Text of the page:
In Season 4 of Game of Thrones we are introduced to Prince Oberyn Martell of Dorne, who has come to King’s Landing to seek revenge for the rape and murder of his sister and the brutal murder of her children. Elia Martell was Rhaegar Targaryen’s wife, and was murdered along with her infant children in the sack of King’s Landing. Ser Amory murdered Elia’s infant daughter Rhaenys, while Elia was raped and killed by Ser Gregor Clegane after Gregor murdered her son, Aegon, in front of her. Elia’s and the children’s bodies were wrapped in crimson Lannister cloaks and presented to Robert Baratheon as a token of fealty. It is this horrific incident, gone unpunished by Tywin Lannister or Robert, that drives Ned Stark away from Robert, and that is probably on Cersei Lannister’s mind as she tells Sansa during the Battle of Blackwater:
“Do you have any notion of what happens when a city is sacked? No you wouldn’t, would you? If the city falls these fine women… should be in for a bit of a rape. Half of them will have bastards in their bellies come the morning…when a man’s blood is up anything with tits looks good. A precious thing like you would look very, very good.”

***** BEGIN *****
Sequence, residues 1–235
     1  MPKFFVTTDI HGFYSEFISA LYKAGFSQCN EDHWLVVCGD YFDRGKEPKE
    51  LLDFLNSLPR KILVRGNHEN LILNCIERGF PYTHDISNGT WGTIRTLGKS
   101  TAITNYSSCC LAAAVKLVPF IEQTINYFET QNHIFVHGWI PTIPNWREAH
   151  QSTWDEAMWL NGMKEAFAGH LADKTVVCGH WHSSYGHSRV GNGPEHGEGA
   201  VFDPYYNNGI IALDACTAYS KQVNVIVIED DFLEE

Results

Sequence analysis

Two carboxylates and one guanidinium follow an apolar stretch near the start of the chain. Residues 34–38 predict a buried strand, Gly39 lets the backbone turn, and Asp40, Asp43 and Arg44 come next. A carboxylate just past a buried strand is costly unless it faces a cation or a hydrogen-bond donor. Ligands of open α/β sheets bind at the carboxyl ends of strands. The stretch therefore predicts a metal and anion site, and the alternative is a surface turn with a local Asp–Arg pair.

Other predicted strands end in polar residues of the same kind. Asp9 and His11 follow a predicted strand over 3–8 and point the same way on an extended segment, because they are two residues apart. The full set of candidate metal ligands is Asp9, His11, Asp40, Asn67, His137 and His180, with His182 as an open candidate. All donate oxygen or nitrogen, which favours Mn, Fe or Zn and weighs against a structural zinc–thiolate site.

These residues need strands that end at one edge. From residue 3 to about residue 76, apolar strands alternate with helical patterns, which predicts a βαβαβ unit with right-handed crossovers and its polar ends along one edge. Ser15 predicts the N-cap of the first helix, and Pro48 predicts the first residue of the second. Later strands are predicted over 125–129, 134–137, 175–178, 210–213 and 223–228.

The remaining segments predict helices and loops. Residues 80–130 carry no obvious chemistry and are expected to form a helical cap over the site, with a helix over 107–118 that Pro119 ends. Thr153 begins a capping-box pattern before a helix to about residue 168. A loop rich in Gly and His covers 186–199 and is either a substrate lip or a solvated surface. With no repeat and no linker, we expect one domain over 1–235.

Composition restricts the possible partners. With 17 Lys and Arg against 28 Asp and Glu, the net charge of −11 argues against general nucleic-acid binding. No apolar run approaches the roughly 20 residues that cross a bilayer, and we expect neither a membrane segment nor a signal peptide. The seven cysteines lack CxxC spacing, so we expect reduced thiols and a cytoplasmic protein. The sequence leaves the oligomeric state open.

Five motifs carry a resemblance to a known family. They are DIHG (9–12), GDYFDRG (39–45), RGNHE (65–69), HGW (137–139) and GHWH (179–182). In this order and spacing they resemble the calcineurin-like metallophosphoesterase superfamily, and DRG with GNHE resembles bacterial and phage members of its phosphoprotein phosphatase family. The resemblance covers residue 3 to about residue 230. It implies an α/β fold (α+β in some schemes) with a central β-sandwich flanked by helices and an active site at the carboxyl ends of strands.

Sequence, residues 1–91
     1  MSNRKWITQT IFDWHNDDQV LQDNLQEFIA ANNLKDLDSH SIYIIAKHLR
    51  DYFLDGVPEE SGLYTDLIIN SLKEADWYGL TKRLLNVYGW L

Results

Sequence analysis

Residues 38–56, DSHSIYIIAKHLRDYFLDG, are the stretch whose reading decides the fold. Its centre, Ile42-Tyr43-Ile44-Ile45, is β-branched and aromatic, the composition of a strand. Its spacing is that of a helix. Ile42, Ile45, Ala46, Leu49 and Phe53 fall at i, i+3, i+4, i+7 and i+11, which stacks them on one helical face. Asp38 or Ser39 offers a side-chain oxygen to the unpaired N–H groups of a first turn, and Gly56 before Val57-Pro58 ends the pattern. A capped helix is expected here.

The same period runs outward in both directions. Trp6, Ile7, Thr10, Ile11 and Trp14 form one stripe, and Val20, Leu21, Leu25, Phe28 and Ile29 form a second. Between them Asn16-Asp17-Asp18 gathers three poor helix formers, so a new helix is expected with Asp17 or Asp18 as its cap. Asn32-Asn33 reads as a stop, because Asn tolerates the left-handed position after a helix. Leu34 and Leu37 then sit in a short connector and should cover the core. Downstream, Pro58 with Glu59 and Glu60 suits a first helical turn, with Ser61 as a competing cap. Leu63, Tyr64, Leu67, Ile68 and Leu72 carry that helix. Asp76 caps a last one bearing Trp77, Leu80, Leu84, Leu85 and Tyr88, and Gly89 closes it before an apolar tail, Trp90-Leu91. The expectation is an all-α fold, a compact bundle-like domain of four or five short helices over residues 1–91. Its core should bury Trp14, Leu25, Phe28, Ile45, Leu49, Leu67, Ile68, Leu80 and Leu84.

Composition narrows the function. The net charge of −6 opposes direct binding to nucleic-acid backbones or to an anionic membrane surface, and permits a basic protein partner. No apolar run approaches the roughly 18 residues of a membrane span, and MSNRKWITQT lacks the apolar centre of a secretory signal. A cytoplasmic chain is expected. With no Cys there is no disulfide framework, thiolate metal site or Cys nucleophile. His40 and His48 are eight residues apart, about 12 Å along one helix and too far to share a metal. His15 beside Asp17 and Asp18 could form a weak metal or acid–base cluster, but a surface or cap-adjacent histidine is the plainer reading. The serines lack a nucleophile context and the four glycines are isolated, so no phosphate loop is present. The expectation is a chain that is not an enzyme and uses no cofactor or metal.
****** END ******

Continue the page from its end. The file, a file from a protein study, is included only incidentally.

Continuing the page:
This is another slight departure from the books in terms of dialogue, but alludes to the sack of King’s Landing in the original canon. Cersei does have the wrong of it here. Stannis Baratheon does not tolerate rape amongst his men. “Stannis keeps his men well in hand, that’s plain. He lets them plunder some, but I’ve only heard of three…women being raped, and the men who did it have all been gelded.” Jon tells Sam in A Storm of Swords. There is a notion that rape in medieval times was tolerated, in fact rape was illegal and punishable by death in some areas. The line is blurred as there was no real concept of marital rape. And in George R.R. Martin’s Westeros rape is also illegal. Rapists are given the choice of either being gelded (castrated) or sent to the Wall, and of course most choose the Wall.
War rape is a serious topic that we who are far removed from the horrors of war don’t often discuss. In these two instances in Game of Thrones, rape is discussed, or threatened, but not depicted. It is these two scenes they got right. Unfortunately when it comes to women, sex and rape for the most part they depict it in an exploitative manner.
Daenerys and Drogo
Daeny and Drogo’s sexual relations in Game of Thrones are quite different than what we read in the books. On Daeny’s wedding night in the series, Drogo rips the dress off an unwilling Daeny and pushes her to the ground, forcing himself inside her from behind. We see later scenes of Daeny sobbing while he has brutal sex with her night after night. However in the books, Drogo is considerate to Daeny on their wedding night. He takes the time to make sure she is aroused before he takes her virginity. The later scenes? Daeny is crying because she is in pain as she is unused to riding all day.